Is it necessary again now or not until December? At present, not a day goes by without at least one member of the European Central Bank (ECB) suggesting further monetary easing. Always with the addition: “if necessary”. Is this already the case?
Since March, the ECB’s bond purchases have significantly stabilized the capital markets, which can be seen, among other things, in the “financial conditions”. These are almost as loose again as they were immediately before the crisis. In addition, a fragmentation of the interest rate environment was prevented within the euro zone. For example, the yield premium on Italian government bonds over Bunds has narrowed significantly. A key objective of the Pandemic Emergency Purchase Program (PEPP) was thus achieved. However, the second goal of bringing inflation back on the path it had set before the corona outbreak has not yet been achieved.
Even before the crisis, the central bank saw itself permanently missing the inflation target and tried to get over it by resuming bond purchases. However, the corona crisis has not only pushed the path of inflation down, it may also shift the prospects of a rapid increase backwards. In addition, the economic recovery is accompanied by a high level of uncertainty, which is exacerbated by the renewed increase in the number of infections and the reintroduction of regional lockdowns. This could significantly reduce the momentum for the economic recovery.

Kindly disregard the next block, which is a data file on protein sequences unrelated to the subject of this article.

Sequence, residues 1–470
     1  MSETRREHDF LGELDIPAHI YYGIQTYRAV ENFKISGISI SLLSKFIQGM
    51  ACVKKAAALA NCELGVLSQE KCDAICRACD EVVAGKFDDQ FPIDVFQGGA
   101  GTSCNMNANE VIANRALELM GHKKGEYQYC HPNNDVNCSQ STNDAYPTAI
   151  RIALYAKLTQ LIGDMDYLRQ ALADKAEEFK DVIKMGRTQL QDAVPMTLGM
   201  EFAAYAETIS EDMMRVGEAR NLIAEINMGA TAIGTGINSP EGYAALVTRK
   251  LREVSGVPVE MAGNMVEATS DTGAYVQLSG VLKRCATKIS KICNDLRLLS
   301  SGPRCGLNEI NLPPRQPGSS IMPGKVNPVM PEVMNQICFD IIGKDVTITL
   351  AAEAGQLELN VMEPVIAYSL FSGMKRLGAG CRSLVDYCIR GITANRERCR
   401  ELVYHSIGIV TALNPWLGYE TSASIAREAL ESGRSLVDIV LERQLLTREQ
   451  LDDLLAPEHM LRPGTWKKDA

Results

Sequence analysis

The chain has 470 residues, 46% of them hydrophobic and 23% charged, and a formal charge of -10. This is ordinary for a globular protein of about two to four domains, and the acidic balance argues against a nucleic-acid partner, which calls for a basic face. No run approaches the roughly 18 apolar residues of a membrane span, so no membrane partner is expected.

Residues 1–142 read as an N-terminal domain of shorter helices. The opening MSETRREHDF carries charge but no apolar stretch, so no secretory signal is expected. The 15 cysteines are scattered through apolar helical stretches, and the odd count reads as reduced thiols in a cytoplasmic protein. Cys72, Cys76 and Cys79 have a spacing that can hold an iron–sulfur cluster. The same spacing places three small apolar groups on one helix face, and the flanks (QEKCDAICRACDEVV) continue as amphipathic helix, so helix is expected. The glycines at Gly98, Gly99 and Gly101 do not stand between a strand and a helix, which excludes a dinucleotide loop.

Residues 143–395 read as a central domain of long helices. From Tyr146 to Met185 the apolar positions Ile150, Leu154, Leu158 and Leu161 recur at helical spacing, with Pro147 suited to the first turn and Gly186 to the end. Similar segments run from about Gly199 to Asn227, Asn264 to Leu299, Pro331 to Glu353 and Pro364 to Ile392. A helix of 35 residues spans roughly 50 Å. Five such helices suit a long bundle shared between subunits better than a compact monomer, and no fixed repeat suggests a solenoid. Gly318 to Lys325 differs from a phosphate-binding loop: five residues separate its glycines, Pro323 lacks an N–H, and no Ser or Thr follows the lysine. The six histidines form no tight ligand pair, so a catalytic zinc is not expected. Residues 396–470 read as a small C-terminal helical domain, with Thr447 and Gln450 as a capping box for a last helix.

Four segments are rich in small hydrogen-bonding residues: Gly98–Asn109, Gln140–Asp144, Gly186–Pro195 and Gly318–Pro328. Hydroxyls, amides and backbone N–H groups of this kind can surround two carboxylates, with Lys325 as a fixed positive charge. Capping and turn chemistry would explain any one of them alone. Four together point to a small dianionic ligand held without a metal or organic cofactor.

In this environment, the ECB is likely to remain true to itself and continue to accelerate monetary policy. It will also stress that it will do whatever it thinks is necessary to support the economy and the capital markets. We believe that this will not happen this month, but will happen in December, when the new projections for growth and inflation through 2023 will be available. The means of choice should remain the PEPP, an emergency instrument with flexible uses. We therefore do not expect an interest rate cut, it would also be counterproductive. In this respect, the monetary policy meeting on October 29 should provide the preparation for monetary policy action in December. Then the PEPP should be topped up and extended until the end of 2021.
Author: Ulrike Kastens, European economist
Disclaimer: The text is a column of the DWS. 4investors is not responsible for the content of the column and therefore does not necessarily have to agree with the opinion of the 4investors editorial team. Any liability and claims are therefore expressly excluded by 4investors!